Broken toe is a common form of injury usually caused by striking the toe on hard surfaces or dropping a heavy object on the foot. In most cases, it takes 4-6 weeks to heal, but severe injuries might take longer.
Do I have a broken toe?
A broken toe is usually swollen, painful and red. There is also bruising of the skin around the area and oftentimes a buildup of blood beneath the toenail occurs. The individual finds it hard to walk and wearing shoes can be painful.
In case the damage is severe, the toe might stick out at an angle. Most cases can be managed at home and medical care is not usually needed.
When to consult a doctor
You have to check the toe daily and call a doctor if:
- The pain worsens or could not be relieved by commonly used pain medications. In such cases, the doctor might prescribe a stronger pain medication.
- Discoloration and swelling does not improve after a few days.
- There is a wound close to the broken toe that requires cleansing to prevent infection.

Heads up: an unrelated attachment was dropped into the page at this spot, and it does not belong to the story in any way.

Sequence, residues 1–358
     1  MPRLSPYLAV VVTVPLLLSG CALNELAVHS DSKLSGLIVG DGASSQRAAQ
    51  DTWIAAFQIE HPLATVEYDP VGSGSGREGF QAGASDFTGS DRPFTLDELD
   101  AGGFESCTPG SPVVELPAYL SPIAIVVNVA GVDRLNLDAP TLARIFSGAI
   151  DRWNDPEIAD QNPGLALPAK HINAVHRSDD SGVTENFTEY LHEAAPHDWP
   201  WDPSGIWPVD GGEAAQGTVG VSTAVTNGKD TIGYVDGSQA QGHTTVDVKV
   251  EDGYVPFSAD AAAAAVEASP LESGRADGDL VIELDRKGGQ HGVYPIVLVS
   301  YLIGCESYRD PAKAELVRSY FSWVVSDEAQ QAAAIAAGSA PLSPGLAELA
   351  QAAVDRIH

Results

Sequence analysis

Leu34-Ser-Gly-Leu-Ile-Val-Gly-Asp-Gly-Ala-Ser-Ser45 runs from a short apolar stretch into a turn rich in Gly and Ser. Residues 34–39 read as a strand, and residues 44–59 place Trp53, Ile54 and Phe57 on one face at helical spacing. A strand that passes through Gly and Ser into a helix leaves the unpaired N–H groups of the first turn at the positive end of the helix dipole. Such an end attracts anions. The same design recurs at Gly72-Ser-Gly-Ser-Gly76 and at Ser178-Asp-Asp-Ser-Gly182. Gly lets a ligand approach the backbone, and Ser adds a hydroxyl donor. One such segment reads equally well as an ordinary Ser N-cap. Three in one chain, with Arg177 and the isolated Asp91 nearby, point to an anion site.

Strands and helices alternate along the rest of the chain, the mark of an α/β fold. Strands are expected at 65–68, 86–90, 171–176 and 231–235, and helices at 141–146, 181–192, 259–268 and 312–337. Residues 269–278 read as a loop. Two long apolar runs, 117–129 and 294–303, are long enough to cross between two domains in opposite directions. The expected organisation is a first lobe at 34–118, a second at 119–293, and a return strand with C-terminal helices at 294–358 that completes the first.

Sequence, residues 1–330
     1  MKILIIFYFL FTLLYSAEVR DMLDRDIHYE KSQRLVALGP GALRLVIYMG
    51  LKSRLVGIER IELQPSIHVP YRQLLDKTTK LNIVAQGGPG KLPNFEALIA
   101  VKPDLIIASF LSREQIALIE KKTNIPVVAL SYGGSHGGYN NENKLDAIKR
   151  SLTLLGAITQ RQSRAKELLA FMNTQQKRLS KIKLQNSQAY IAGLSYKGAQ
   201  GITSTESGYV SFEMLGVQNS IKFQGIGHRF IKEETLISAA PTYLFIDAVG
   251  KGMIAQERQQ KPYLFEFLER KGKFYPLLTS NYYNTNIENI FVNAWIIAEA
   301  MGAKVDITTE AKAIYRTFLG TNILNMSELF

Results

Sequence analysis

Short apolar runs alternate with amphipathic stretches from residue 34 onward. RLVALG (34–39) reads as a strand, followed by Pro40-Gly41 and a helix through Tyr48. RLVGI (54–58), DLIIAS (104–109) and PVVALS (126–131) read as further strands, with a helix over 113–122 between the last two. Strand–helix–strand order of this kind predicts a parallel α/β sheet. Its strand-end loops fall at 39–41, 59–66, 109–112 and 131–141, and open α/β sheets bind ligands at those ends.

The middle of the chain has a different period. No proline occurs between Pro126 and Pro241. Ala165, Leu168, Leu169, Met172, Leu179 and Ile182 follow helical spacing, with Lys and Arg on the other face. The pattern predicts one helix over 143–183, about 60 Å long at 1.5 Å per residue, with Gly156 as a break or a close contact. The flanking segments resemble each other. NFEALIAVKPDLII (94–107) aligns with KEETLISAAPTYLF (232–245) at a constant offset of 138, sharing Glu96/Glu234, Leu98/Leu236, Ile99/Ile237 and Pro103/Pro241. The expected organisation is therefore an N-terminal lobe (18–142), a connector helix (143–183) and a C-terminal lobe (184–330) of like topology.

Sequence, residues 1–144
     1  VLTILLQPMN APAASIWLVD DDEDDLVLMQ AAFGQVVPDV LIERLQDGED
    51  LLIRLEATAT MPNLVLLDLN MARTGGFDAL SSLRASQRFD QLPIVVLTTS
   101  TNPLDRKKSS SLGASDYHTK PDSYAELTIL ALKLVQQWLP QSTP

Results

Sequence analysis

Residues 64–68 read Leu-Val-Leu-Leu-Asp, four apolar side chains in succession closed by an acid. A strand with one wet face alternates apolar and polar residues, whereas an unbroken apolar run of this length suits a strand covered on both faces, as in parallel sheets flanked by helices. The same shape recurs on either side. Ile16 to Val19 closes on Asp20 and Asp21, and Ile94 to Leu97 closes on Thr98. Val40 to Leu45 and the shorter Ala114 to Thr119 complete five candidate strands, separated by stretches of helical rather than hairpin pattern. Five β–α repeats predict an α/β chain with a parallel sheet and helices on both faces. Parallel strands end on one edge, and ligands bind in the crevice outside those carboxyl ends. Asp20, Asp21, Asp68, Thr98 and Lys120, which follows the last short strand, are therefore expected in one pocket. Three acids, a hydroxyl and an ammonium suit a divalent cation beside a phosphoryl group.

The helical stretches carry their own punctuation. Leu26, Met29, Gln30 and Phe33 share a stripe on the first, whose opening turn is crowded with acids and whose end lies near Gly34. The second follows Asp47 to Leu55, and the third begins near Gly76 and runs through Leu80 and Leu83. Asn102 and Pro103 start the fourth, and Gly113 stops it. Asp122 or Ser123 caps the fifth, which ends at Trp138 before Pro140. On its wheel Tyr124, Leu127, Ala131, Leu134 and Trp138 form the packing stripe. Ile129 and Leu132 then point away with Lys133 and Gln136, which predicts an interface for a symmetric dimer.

More Information / Disclaimer
The information posted on this page on a broken toe is for learning purposes only. Learn to recognize and manage broken bones and fractures including a broken toe by taking a standard first aid course with Victoria First Aid.
Home care for a broken toe
- For the small toes, place a piece of gauze or cotton wool between the injured toe and the one next to it and tape the toes together using a plaster. The healthy toe functions as a splint.
- Shoes with a stiff sole or a surgical cast shoe can be used to aid with mobility.
- Keep the foot elevated as long as possible by resting on pillows to reduce the pain and swelling.
- Apply an ice pack on the toe for 15-20 minutes every 1-2 hours for the first couple of days. Remember not to apply directly on the skin.
- Rest the affected toe by avoiding walking or standing for long periods of time and placing any weight on the toe. Avoid engaging in activities that have caused the fracture until fully healed. The individual can start normal activity once the swelling settles and able to wear a protective shoe comfortably.
- Over-the-counter pain medications such as ibuprofen can be given to reduce the pain. Children below 16 years old age should not be given aspirin.
- Sturdy shoes should be worn that do not bend or squash the toe.